How Does a Spinal Cord Stimulation Trial Work?

How Does a Spinal Cord Stimulation Trial Work?

You’ve tried all the standard treatments for pain relief, but nothing has helped. Our expert staff at Apollo Pain Management provides pain relief for many patients whose pain hasn’t been resolved by medication, physical therapy, or other standard treatments. 

Your doctor may have recommended a spinal cord stimulation (SCS) trial to see if this treatment helps relieve your pain. During the trial, you get to test the system. 

SCS helps many people, but it doesn’t help everyone. The trial allows you to find out if this treatment is going to help you. 

What happens during a spinal cord stimulation trial? 

The spinal cord stimulation trial isn’t a surgical procedure; it’s a minimally invasive one. First, we cleanse and sterilize the area. Then you receive a local anesthetic to numb discomfort during the process. 

Next, your expert, board-certified pain management physician inserts a needle into the epidural space in your spine, which is between your spinal cord and your vertebrae. The epidural space is the same area where cortisone injections are placed. You might have had a steroid shot in the past. 

Your provider uses X-ray guidance to ensure the needle is properly placed. Then, again using X-ray guidance, your provider inserts very thin wires (called leads) through the needle into the epidural space and moves the wires to the target area where you experience pain. Your doctor asks you to provide feedback so that the leads are set in the correct position to give you the most pain relief. 

During the final step of the procedure, your Apollo Pain Management doctor attaches the lead to the outside of your skin with a surgical dressing. A suture may be required.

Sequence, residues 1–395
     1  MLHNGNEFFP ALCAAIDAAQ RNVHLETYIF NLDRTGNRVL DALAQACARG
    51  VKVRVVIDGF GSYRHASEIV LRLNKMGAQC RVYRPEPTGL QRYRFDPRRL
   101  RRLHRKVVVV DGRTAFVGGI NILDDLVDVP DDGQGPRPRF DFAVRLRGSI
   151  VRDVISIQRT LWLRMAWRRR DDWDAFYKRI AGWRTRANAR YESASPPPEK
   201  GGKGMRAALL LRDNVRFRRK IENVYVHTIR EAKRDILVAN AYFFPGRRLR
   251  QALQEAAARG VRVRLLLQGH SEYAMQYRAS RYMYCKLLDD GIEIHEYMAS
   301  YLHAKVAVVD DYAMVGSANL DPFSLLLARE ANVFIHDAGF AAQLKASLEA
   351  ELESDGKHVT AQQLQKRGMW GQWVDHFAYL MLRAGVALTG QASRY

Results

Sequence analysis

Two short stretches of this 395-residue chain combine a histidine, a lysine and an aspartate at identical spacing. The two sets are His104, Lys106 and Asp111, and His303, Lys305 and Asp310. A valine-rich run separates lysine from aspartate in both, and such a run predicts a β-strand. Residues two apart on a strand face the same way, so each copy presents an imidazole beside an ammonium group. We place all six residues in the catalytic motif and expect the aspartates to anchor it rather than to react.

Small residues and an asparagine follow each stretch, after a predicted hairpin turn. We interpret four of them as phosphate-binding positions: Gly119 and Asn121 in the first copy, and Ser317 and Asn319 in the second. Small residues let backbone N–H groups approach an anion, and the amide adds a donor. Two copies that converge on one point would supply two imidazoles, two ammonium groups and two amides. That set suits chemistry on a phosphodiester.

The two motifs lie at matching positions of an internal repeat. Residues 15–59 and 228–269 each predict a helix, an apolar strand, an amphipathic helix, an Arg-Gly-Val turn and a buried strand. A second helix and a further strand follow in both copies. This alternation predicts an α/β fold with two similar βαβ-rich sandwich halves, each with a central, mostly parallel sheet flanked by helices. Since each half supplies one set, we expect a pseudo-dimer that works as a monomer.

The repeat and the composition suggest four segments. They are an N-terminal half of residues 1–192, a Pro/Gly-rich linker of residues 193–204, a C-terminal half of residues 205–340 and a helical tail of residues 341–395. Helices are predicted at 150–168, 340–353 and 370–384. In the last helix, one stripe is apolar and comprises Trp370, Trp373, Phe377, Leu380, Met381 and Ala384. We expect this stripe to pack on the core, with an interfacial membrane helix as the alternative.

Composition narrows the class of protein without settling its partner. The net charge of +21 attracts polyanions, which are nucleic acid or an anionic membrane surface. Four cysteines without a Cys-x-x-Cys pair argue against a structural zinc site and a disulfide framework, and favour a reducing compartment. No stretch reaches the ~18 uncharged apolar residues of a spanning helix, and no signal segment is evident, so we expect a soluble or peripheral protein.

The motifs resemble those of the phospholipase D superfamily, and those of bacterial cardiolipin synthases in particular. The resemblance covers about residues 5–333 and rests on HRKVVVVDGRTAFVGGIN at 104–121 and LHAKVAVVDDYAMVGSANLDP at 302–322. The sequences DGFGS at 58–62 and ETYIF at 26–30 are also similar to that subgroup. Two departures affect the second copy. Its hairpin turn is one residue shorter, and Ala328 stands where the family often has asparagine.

Your doctor then secures the neurostimulator to your back with strong tape. It’s about 2” x 3” in size. You have a handheld device that regulates the neurostimulator. You activate the stimulator when you’re in pain. 

How long do I test the neurostimulator? 

Your test lasts for one week. Your doctor asks you to keep a careful record of your pain levels throughout the week. A pain log is a helpful tool. Following are some questions your doctor is going to ask you at the end of the trial period: 

During the week, the neurostimulator manufacturer may contact you to ask you for feedback. They may change settings on the device to help reduce your pain levels if the device isn’t working well for you. 

How do I take care of the neurostimulator during the trial? 

Your doctor provides written instructions for the week of the trial. It’s important to keep the neurostimulator dry, so you’ll need to take sponge baths during this time. 

You can take a walk in the neighborhood, but we ask that you forgo vigorous exercise for the week of the trial, since it could affect the system’s performance. Don’t worry, though. If the device works for you, you’ll be able to continue your normal exercise routine once the stimulator is implanted. 

Your Apollo Pain Management physician removes the leads at your visit at the end of the trial. It’s similar to having an IV removed. 

Call Apollo Pain Management or book an appointment online today for compassionate treatment for your chronic pain. We have offices in Bradenton and Sun City Center, Florida.

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